Yeah, yeah, I know, it really wasn’t worth responding to.

  45. “‘A point about UBI and disability: some disabled people will have to be given a supplement above the level of UBI, because they have financial needs arising from their disability that could simply not be met from a UBI.’

    And therein lies the flaw. Once you start giving section X of society (however needy they may be) more UBI that everyone else, the game becomes ‘How do I get myself categorised as part of section X of society, because I get more money for free that way, rather than working for it’.”

    Why does the government have to provide the needs of a small majority?

    I would think that with UBI the charity money that goes to things like soup kitchens could now be refocused. This doesn’t seem to be a major problem to me.

    I still don’t know where we are going to come up with then tax revenues to pay for UBI. If we take all of the current welfare programs in the US and split the amount spent among all Americans we are looking at $6700* per person. The UBI would add another, approximate, $1.6 trillion to government spending. Once we solve this then we can look at the easier to solve issues.

    *Source wikipedia so I only bothered using 2 significant figures.

  46. Aren’t we heading towards bat shit crazy territory here?

    Given that the idea is lifted directly from Robert Heinlein (Number of the Beast if I recall), quite possibly 🙂

  47. RA’s proposal seems to be designed to terrify people into overvaluing their property for fear of the consequences so that they pay more tax. The sort of evil, statist proposal that a courageous stater would endorse.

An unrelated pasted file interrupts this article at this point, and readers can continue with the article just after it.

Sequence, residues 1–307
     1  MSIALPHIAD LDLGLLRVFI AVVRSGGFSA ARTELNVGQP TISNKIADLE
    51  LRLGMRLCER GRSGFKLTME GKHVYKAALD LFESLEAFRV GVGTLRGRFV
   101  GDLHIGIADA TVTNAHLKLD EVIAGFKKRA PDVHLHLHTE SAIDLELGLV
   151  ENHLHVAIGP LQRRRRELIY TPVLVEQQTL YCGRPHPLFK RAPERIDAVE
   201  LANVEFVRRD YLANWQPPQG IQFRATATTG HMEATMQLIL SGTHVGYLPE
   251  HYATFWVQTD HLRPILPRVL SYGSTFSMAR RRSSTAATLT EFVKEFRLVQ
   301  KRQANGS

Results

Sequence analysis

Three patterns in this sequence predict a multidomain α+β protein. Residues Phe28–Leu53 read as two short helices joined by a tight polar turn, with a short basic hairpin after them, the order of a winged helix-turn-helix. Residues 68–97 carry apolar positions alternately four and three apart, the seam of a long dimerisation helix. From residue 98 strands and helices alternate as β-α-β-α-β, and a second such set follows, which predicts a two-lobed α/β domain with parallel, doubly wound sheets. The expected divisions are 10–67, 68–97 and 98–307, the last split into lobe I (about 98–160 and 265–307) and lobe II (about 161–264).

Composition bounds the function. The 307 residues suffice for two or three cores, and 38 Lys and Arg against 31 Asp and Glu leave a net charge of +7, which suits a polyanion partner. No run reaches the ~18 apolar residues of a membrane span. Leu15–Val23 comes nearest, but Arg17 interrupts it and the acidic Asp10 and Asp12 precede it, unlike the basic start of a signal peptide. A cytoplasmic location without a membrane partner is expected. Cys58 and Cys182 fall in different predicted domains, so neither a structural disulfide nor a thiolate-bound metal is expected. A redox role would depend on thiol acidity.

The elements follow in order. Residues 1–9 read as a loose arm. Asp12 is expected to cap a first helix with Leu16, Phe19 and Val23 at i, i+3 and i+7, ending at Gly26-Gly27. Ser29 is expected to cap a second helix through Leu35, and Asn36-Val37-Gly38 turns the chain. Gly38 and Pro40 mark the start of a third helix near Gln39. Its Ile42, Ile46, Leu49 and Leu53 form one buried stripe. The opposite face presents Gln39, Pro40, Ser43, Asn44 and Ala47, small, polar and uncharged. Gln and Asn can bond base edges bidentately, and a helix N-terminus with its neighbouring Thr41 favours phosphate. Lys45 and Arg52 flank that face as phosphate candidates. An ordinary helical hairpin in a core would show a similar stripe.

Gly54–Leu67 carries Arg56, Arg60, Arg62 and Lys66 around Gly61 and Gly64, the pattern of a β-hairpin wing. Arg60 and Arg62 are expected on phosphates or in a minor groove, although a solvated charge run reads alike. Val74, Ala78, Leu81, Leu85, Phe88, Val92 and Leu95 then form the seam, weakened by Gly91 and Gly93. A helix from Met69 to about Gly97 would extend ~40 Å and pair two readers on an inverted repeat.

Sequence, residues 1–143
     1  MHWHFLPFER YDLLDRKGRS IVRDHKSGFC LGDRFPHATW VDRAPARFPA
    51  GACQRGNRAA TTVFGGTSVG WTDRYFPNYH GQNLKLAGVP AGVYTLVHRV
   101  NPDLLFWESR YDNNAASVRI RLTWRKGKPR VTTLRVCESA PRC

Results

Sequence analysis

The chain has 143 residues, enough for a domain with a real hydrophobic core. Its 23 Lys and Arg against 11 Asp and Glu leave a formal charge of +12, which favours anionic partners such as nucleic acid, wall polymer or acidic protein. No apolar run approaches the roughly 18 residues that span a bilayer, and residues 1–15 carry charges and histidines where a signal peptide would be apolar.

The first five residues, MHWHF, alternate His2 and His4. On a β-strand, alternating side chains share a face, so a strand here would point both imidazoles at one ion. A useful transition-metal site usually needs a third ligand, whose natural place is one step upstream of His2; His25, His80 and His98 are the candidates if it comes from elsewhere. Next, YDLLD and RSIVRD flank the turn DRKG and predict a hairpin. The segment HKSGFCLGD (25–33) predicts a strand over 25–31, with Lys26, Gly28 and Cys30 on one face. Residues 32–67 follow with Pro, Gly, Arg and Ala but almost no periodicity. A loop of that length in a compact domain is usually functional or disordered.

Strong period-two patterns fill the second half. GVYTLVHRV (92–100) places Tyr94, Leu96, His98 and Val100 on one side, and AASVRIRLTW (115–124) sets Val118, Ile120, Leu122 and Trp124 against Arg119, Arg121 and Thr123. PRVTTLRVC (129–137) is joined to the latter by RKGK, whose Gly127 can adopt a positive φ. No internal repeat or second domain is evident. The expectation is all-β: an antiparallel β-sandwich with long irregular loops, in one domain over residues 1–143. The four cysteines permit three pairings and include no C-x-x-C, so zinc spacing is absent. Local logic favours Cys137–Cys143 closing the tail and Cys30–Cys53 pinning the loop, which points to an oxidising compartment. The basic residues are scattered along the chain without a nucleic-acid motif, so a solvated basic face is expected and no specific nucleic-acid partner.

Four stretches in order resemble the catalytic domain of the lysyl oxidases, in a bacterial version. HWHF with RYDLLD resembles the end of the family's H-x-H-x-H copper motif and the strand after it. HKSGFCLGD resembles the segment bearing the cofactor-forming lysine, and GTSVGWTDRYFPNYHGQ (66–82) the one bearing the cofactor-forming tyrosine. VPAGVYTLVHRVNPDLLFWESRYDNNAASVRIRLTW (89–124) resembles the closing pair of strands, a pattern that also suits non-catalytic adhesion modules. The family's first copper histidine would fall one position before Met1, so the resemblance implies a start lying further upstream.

48. Ltw,

    After some digging the core idea can be traced back to More(1516) and Vives(1526) which predate Heinlein.

    The more I dig the better UBI looks if we can find a way to pay for it. The results from Namibia and India are particularly promising. The big question is what will happen in a developed country and hopefully Finland can help out.

  49. LVT self assessment has been proposed quite often. You have to discover the value of the land under a house, in most cases. You consult the ABI public Insurance calculator and discover how much it costs to rebuild the bricks and mortar; you deduct this from your estimate of what the whole property (land and buildings is worth) : what is left is the land value.
    It is quite common in the US for tax demands to split land value from “Improvements” (buildings). Texas relies more on property taxes than on income taxes: it is evidently more prosperous.
    One feature of Texas is low house prices so with no income tax they are doing alright.( I haven’t checked Texas recently mind you).
    The likelihood is that people will under estimate their land value so faced with any penalties for trying to sell under the declared value of LVT house prices will drop to a realistic level in macroeconomic terms.
    In deSovietised Estonia they just went round sticking up land tax maps in post offices etc and got near 100% compliance.For the Northern Ireland Rates revaluation ,they just motored round very slowly and assigned a value to the houses as they passed: no problems here either.

  50. “Texas relies more on property taxes than on income taxes: it is evidently more prosperous.”

    I doubt that the tax situation is the most important factor in Texas’s economic standing. This type of comment was most common after the great recession when oil was very high. Having a higher proportion of immigrants driving down labor costs could also be more important depending on how you define prosperous.

    Around here the local government decides about once a century** how much your property is worth. My house is taxed at a value of about 6 times* what I paid for it and I can’t get that corrected. I can’t even get the government to believe there are 2 bedrooms and 1 full bathroom instead of the 3/2 they claim.

    *Before intervention some properties were last assessed in the 1890s, yes that is not a typo.

    **My house got reassessed near the market peak but I purchased at the market low, with cash.